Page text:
By Rupert Evelyn, ITV News' West of England Correspondent
No work, no rush, there's not even a plan to find three bodies. Thirteen weeks after the power station collapsed and no-one can give the families a clear answer.
Now the search has been called off and Chris Huxtable's family are no closer to getting him back than they were the day he was buried beneath the wreckage.
Natallie Huxtable said the family feel as though they are living in limbo and "back to square one".
She added: "Nothing is being done. They need to get people in to sort this out. You can't just keep leaving three poor men laying there. Hard working men laying there dead - where's the dignity in that?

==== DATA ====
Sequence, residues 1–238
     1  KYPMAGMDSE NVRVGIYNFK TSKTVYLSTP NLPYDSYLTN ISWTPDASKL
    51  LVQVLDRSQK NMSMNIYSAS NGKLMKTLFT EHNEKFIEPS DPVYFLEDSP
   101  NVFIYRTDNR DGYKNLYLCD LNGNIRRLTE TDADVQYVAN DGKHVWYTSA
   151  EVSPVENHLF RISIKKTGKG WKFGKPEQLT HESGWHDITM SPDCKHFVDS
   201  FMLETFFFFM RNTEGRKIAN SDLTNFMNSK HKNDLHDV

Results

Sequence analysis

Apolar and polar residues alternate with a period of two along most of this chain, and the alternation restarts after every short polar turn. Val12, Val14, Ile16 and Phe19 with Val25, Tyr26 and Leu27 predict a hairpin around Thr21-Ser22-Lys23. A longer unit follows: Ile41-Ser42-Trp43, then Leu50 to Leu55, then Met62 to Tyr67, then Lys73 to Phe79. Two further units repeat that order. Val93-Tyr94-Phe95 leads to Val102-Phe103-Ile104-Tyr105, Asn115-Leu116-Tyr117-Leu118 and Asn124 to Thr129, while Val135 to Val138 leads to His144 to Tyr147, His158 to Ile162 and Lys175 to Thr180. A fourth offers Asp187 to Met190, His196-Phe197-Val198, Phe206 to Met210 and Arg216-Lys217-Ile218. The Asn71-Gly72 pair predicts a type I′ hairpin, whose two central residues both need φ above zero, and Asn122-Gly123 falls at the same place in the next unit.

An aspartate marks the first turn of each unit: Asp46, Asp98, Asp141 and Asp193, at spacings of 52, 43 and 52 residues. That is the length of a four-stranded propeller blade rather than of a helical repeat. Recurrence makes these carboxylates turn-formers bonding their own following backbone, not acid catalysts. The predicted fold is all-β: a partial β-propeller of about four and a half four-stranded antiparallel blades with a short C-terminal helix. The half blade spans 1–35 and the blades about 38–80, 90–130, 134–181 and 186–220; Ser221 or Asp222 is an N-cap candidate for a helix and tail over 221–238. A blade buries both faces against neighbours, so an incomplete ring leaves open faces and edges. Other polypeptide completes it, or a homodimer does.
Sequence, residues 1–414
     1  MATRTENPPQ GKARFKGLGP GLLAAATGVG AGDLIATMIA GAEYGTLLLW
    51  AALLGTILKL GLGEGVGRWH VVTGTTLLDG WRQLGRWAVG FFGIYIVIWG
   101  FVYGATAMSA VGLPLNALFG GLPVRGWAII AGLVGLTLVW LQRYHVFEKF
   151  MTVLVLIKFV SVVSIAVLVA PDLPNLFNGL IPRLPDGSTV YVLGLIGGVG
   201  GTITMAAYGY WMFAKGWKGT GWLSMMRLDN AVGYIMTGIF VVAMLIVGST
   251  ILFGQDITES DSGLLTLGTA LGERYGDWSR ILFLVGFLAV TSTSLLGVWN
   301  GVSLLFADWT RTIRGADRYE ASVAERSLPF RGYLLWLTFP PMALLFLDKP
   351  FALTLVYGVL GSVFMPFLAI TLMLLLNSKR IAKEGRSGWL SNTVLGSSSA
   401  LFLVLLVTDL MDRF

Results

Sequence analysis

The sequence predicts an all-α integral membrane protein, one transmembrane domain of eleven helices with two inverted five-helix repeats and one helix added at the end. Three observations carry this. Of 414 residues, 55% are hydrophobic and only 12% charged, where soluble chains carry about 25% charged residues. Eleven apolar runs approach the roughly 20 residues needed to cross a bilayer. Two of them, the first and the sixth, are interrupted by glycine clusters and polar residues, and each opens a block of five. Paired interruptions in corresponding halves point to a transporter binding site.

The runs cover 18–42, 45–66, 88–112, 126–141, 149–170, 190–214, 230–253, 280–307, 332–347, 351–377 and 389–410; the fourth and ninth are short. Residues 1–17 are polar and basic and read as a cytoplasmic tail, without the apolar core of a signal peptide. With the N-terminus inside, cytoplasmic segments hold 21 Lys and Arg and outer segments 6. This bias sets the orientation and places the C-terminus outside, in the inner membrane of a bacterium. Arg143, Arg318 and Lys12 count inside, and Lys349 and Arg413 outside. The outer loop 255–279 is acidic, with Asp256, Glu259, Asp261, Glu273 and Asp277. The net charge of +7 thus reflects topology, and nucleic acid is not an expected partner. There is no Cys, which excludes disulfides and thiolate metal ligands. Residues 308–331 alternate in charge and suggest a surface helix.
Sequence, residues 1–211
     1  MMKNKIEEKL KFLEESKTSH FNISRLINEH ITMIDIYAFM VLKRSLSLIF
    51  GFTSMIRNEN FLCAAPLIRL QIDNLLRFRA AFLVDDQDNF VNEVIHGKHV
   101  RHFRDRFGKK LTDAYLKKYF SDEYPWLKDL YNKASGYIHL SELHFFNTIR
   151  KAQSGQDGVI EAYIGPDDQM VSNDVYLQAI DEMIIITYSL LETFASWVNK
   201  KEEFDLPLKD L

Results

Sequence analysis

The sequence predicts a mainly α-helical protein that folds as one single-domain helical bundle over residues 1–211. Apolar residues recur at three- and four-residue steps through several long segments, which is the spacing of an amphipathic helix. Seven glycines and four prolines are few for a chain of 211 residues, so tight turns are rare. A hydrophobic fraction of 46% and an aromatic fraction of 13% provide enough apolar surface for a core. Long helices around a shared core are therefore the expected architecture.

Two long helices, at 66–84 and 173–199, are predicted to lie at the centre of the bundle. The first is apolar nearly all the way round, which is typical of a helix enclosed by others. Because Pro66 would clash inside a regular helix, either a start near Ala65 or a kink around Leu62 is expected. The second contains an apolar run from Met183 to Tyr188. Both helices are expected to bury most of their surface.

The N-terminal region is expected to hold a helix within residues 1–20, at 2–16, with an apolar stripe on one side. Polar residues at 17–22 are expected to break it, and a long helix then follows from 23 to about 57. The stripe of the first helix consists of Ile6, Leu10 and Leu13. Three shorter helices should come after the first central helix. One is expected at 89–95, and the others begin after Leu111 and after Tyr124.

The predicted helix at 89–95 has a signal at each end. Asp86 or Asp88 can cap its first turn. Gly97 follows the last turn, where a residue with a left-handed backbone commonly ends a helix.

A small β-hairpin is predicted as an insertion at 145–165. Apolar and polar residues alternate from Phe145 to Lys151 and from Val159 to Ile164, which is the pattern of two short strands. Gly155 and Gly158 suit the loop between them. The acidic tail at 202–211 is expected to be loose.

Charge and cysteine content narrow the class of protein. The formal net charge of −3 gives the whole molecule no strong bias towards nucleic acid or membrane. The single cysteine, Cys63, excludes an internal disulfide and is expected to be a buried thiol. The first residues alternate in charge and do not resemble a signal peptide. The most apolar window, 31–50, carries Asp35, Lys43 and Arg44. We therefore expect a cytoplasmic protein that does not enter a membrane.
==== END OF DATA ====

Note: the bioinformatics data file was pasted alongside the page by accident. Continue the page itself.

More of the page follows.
"It's not fair, why should we live like this? Three hard-working men and they've been left to rot".
Even though they know where the bodies of Chris Huxtable, Ken Cresswell and John Shaw are, health and safety prevents recovery.
A 50 metre exclusion zone is in place and will remain until the rest of the structure is brought down.
RWE, who own the site, say they are doing all they can. But the health and safety executive HSE confirmed to ITV News that are still waiting for a demolition plan.
A statement from RWE Npower said it was forced to restrict access to the recovery area.
Since the tragic accident at our Didcot site on 23 February 2016, we have been doing everything possible to locate and recover the missing men, Ken Cresswell, John Shaw and Chris Huxtable as quickly and as safely as possible.